Metro Buses Overcrowded on Popular 16th Street Route

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File photo of D.C. Metro bus (Photo credit: SAUL LOEB/AFP/Getty Images)

File photo of D.C. Metro bus (Photo credit: SAUL LOEB/AFP/Getty Images)

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LANHAM, Md. (CBSDC) — It’s the busiest bus corridor in the District: the S line runs up and down 16th Street from Silver Spring to Farragut Square. The line is so busy, that passengers are routinely left stranded during the morning rush. And the solutions for fixing it could forever alter your commute, whether you take the bus or not.

Residents along the corridor brought the problem to Metro last year. Metro followed through by adding three extra buses to do three loops on the busiest section of the route between Columbia Heights and Farragut Square.

That idea worked at first, but soon enough the morning rush crunch was on again. Dupont Circle ANC Commissioner Kishan Putta says there are 1,000 more riders now versus a year ago.

“D.C.’s population has just been going up and up, and more so in the core of the city. 16th Street epitomizes the core of the city,” Putta says, adding that the problem is double-edged. “We increased rush hour service so more people had the confidence to take the bus in the morning and more people are moving into the area.”

Jim Hamre, Metro’s director of bus planning, says the transit agency has been chasing the demand of 16th Street with capacity.

“It’s interesting at 11 p.m. at night, 16th Street has more frequency than the most frequent service in Virginia has during the peak of the peak,” Hamre said. “Just to put it in perspective.”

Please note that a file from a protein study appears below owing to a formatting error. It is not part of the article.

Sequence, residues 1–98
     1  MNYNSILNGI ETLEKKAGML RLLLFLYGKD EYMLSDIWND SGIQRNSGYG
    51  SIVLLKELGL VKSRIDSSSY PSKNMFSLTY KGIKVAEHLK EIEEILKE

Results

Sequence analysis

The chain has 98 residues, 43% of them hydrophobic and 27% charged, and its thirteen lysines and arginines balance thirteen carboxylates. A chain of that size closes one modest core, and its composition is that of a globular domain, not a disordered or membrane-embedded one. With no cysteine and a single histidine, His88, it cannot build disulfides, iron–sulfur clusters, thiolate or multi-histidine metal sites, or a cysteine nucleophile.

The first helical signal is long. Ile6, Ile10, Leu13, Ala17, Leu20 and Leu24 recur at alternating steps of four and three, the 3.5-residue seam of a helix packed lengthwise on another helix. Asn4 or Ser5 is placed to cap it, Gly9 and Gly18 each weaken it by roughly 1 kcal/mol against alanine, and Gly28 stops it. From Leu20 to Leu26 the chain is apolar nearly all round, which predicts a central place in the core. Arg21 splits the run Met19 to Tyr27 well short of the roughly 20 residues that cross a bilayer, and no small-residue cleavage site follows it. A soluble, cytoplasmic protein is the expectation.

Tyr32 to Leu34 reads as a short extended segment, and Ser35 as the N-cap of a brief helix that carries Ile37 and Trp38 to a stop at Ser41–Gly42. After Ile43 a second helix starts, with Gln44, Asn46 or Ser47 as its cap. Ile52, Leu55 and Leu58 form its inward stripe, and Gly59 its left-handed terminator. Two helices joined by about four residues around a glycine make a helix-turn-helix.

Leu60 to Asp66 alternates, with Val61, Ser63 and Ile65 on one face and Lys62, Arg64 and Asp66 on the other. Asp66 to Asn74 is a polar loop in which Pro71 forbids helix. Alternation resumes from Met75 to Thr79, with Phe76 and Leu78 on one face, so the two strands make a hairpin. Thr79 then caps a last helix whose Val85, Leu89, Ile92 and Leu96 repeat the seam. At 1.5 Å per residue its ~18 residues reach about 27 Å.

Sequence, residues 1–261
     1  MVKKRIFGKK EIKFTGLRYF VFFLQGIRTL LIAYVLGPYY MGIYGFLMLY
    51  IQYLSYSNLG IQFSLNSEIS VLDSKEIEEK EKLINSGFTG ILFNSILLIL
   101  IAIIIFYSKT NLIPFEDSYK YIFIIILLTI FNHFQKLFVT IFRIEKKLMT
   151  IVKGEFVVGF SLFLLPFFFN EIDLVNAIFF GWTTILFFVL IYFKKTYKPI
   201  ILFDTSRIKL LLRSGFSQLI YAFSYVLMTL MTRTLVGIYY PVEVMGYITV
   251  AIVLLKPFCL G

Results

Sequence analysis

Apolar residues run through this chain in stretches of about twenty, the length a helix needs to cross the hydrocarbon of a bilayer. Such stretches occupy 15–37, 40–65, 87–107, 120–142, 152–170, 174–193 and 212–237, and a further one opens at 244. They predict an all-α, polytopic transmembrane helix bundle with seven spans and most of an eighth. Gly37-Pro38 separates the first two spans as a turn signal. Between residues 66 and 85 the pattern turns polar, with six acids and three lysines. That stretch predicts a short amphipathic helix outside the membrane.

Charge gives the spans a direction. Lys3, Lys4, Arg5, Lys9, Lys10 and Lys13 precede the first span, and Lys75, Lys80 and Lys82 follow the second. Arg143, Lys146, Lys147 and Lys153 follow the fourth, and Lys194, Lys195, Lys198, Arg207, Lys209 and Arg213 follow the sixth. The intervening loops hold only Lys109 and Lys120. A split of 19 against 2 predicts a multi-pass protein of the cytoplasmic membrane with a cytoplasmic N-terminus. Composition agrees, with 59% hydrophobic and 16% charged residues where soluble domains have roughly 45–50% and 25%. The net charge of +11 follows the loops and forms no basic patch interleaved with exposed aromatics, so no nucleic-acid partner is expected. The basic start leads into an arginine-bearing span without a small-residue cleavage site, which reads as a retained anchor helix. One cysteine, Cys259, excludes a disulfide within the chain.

There’s no question the demand exists along 16th Street. The problem is a lack of resources — both physical and financial.

“We’ve shifted a few of our articulated coaches from Georgia Avenue over to 16th [Street], so now its evening out,” Hamre said. “That’s good for 16th Street riders … not so good for Georgia Avenue riders. It’s a matter of balancing rather than actually accomplishing what we’re trying to, which is capacity for both corridors.”

The articulated buses are the double long buses that look like an accordion in the middle. Putta is quick to agree that it’s a complicated problem.

“Only 3 percent of all the traffic on 16th Street is buses, but they carry more than 50 percent of all the people that travel on 16th Street,” says Putta. “The buses are doing a helluva job, but we just need more.”

Putta says the solutions don’t necessarily have to be complex. The addition of the three buses during rush hour is an example of something that could be done right away to alleviate the problem. Another relatively quick solution is to add more manpower to the streets to help space out the buses.

Part of the broader problem on 16th Street is the bunching and gapping of buses. There is supposed to be five minutes between buses, but because of red lights and traffic it becomes a feast-or-famine situation for riders on 16th Street.